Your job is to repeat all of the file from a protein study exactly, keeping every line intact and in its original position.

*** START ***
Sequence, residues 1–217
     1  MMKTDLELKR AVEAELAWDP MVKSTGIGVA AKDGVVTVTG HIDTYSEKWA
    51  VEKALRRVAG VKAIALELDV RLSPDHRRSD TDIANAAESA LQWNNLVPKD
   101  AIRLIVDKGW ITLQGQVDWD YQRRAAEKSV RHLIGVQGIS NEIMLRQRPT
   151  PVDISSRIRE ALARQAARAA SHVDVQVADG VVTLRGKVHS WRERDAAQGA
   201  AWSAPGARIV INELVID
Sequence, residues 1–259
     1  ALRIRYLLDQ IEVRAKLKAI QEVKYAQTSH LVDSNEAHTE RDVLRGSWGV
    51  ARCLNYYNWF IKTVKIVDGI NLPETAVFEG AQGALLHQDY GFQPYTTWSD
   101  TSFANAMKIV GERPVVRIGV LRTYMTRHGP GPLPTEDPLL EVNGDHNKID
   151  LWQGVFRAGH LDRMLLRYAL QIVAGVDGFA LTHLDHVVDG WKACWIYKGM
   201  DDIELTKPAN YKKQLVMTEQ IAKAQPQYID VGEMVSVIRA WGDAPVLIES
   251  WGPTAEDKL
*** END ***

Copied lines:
Sequence, residues 1–217
     1  MMKTDLELKR AVEAELAWDP MVKSTGIGVA AKDGVVTVTG HIDTYSEKWA
    51  VEKALRRVAG VKAIALELDV RLSPDHRRSD TDIANAAESA LQWNNLVPKD
   101  AIRLIVDKGW ITLQGQVDWD YQRRAAEKSV RHLIGVQGIS NEIMLRQRPT
   151  PVDISSRIRE ALARQAARAA SHVDVQVADG VVTLRGKVHS WRERDAAQGA
   201  AWSAPGARIV INELVID
Sequence, residues 1–259
     1  ALRIRYLLDQ IEVRAKLKAI QEVKYAQTSH LVDSNEAHTE RDVLRGSWGV
    51  ARCLNYYNWF IKTVKIVDGI NLPETAVFEG AQGALLHQDY GFQPYTTWSD
   101  TSFANAMKIV GERPVVRIGV LRTYMTRHGP GPLPTEDPLL EVNGDHNKID
   151  LWQGVFRAGH LDRMLLRYAL QIVAGVDGFA LTHLDHVVDG WKACWIYKGM
   201  DDIELTKPAN YKKQLVMTEQ IAKAQPQYID VGEMVSVIRA WGDAPVLIES
   251  WGPTAEDKL